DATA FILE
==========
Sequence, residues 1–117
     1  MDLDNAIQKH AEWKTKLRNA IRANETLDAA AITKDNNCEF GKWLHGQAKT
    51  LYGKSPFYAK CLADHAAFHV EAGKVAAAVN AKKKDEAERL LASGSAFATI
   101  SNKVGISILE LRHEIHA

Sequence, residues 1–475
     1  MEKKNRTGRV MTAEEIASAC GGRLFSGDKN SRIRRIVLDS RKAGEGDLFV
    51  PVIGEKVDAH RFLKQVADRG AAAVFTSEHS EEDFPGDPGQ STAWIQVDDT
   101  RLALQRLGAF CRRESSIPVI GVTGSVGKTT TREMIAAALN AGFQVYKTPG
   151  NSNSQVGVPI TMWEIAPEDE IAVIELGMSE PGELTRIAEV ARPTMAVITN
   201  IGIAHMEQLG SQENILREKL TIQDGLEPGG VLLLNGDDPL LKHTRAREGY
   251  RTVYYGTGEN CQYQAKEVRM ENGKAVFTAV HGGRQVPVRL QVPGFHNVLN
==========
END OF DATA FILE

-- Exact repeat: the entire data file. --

Sequence, residues 1–117
     1  MDLDNAIQKH AEWKTKLRNA IRANETLDAA AITKDNNCEF GKWLHGQAKT
    51  LYGKSPFYAK CLADHAAFHV EAGKVAAAVN AKKKDEAERL LASGSAFATI
   101  SNKVGISILE LRHEIHA

Sequence, residues 1–475
     1  MEKKNRTGRV MTAEEIASAC GGRLFSGDKN SRIRRIVLDS RKAGEGDLFV
    51  PVIGEKVDAH RFLKQVADRG AAAVFTSEHS EEDFPGDPGQ STAWIQVDDT
   101  RLALQRLGAF CRRESSIPVI GVTGSVGKTT TREMIAAALN AGFQVYKTPG
   151  NSNSQVGVPI TMWEIAPEDE IAVIELGMSE PGELTRIAEV ARPTMAVITN
   201  IGIAHMEQLG SQENILREKL TIQDGLEPGG VLLLNGDDPL LKHTRAREGY
   251  RTVYYGTGEN CQYQAKEVRM ENGKAVFTAV HGGRQVPVRL QVPGFHNVLN